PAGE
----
## Kids’ Project: More Math Calendars?

[Photo by Kuzeytac.]

Several people enjoyed the April calendar and asked if there would be a May version. Unfortunately, my homeschool co-op classes are out until next fall, so I don’t have enough kids to make up problems for me. But if your children would like to send in some puzzles, I will be glad to put another calendar together. If we get enough participation, we could have calendars every month for the rest of the year!

## Carnival of Mathematics Resurrected

The Carnival of Mathematics is back:

There is a nice balance of articles. My favorite comes from a new blog (just started this month!): The Numbers Go Social Networking.

A winner has been announced and a solution posted for last week’s Monday Math Madness:

Watch for the new puzzle coming next Monday at Wild About Math!

And don’t forget: The next installment of Math Teachers at Play opens next Friday, May 1, at I Want to Teach Forever. To contribute, use this handy submission form.

## Free: Calculus Student’s Best Friend

Considering how many fools can calculate, it is surprising that it should be thought either a difficult or a tedious task for any other fool to learn how to master the same tricks… Being myself a remarkably stupid fellow, I have had to unteach myself the difficulties, and now beg to present to my fellow fools the parts that are not hard. Master these thoroughly, and the rest will follow. What one fool can do, another can.

For years, I have recommended Calculus Made Easy as summer reading (and future reference) for high school or college students headed into a calculus course — and for the parents of those students, who may have studied calculus in ages past and now need to dredge out the dust bunnies of memory so they can help with homework.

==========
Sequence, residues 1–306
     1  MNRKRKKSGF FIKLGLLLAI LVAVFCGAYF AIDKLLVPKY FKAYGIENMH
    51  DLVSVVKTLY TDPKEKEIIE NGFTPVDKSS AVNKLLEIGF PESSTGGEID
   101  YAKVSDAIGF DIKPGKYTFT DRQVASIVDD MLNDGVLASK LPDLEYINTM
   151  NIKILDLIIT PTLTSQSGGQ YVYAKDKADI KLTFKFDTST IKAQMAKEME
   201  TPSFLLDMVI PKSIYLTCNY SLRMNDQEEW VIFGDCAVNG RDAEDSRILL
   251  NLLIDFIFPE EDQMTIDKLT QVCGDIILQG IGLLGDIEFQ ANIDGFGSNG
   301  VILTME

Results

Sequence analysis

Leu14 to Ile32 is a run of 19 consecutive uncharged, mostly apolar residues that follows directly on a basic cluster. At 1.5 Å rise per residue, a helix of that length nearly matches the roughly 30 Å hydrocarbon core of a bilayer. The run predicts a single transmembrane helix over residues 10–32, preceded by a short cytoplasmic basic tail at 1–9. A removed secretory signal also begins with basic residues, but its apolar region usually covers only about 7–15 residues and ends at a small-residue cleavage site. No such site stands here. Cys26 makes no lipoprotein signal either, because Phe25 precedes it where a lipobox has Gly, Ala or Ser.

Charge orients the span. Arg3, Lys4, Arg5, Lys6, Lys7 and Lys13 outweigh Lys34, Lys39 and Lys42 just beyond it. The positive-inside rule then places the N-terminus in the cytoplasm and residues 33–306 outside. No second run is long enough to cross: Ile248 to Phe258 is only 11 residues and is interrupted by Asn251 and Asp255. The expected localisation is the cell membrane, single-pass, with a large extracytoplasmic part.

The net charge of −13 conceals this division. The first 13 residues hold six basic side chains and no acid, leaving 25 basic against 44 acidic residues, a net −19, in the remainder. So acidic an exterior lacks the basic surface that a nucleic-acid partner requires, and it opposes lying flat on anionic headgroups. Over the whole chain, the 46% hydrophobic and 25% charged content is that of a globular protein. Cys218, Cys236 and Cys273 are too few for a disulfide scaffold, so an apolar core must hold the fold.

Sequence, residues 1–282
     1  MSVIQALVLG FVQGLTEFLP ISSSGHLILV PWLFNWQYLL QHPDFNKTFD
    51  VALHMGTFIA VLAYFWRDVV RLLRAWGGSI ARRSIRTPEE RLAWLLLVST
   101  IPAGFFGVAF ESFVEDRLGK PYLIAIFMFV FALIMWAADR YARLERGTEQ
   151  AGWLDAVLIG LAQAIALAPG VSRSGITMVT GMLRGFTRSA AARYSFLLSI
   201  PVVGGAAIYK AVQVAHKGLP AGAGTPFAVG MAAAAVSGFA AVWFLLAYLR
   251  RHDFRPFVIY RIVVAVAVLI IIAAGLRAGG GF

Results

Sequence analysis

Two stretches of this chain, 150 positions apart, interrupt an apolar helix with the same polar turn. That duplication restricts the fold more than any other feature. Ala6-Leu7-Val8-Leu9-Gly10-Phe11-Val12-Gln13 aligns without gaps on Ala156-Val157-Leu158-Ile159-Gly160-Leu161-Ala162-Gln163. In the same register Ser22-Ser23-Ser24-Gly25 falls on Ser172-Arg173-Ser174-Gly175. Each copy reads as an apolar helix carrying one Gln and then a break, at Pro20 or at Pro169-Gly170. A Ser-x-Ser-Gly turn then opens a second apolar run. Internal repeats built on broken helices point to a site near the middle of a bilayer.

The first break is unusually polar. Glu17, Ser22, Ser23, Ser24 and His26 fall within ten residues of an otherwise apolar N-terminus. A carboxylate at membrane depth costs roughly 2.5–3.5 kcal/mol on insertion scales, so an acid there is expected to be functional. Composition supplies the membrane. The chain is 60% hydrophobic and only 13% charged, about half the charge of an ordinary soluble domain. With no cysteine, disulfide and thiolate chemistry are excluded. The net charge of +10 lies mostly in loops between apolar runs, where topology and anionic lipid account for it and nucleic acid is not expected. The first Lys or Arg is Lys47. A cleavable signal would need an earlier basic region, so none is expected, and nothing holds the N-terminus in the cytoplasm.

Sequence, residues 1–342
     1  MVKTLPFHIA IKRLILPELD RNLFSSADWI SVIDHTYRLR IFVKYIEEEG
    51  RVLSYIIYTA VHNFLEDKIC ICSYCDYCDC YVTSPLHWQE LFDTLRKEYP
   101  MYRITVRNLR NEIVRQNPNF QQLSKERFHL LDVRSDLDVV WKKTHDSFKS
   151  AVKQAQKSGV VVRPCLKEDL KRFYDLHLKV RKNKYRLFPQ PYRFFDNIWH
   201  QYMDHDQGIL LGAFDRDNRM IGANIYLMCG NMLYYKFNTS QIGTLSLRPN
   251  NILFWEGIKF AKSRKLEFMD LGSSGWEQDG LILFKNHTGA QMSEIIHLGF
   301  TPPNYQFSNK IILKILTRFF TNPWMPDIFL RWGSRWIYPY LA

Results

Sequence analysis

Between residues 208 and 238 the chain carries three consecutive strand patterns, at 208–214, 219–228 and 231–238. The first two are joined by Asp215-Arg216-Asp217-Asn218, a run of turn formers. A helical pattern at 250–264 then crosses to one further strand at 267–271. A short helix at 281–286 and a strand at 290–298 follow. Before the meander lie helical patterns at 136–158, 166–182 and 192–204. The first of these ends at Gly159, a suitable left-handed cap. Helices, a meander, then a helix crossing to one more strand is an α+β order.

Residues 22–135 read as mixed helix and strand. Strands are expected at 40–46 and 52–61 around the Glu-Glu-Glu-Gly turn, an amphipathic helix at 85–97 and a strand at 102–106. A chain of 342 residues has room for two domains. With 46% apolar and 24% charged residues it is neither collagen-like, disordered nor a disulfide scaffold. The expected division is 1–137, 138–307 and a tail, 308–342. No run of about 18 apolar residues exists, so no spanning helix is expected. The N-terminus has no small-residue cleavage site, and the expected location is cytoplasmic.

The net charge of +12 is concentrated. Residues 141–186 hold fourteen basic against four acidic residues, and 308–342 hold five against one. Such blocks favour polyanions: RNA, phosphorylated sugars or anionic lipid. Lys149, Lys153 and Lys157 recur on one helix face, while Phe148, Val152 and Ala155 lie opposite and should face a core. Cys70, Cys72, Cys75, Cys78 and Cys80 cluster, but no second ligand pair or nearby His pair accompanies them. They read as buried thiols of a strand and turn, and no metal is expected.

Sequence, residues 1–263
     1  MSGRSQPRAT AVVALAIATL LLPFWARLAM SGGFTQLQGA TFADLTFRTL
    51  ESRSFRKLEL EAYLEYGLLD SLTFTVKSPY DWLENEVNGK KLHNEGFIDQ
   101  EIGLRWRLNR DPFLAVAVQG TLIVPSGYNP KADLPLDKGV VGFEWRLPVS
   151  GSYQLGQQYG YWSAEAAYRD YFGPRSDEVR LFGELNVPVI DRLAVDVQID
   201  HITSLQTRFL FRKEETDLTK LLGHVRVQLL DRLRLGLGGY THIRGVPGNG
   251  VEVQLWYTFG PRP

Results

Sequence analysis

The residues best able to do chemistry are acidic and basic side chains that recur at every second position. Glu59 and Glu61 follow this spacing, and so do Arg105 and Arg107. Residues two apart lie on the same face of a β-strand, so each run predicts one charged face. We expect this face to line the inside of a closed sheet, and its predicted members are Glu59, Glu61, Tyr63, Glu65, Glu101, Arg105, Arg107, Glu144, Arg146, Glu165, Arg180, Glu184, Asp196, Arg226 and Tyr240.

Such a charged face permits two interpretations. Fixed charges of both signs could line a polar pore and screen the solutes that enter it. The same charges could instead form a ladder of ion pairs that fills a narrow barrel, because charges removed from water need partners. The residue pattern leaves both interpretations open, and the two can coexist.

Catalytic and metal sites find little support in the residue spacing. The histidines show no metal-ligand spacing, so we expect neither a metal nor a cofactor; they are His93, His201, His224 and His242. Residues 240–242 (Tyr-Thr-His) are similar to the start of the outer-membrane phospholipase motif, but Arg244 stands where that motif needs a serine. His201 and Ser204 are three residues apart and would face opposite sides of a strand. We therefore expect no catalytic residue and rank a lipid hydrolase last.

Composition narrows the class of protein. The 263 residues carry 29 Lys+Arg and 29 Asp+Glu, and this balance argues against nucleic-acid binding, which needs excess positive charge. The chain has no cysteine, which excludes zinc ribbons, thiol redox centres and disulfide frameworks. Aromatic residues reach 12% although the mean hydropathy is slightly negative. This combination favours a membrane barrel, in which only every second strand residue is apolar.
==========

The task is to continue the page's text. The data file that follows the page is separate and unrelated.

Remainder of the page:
[Hat tip to Sam and Michael for finding the Scribd version, which set me off searching for a clearer copy.]

## Puzzle: Factoring Trinomials

My high school class ended the year with a review of multiplying and factoring simple polynomials. We played this matching game, and then I gave them a puzzle worksheet. I liked this idea, but I didn’t like the decoded answer. In my opinion, puzzles should give the student a “reward” for solving them — maybe a joke or riddle or something — but that answer seemed almost like nagging.

So I changed things around to make my own version:

## Math Teachers at Play #5

[Photo by Alex Kehr.]

Welcome to the Math Teachers At Play blog carnival — which is not just for math teachers! If you like to learn new things and play around with ideas, you are sure to find something of interest. Let the mathematical fun begin…

## Alive to God in Christ Jesus

[Photo by Untitled blue.]

Or don’t you know that all of us
who were baptized into Christ Jesus
were baptized into his death?

We were therefore buried with him
through baptism into death in order that,
just as Christ was raised from the dead
through the glory of the Father,
we too may live a new life.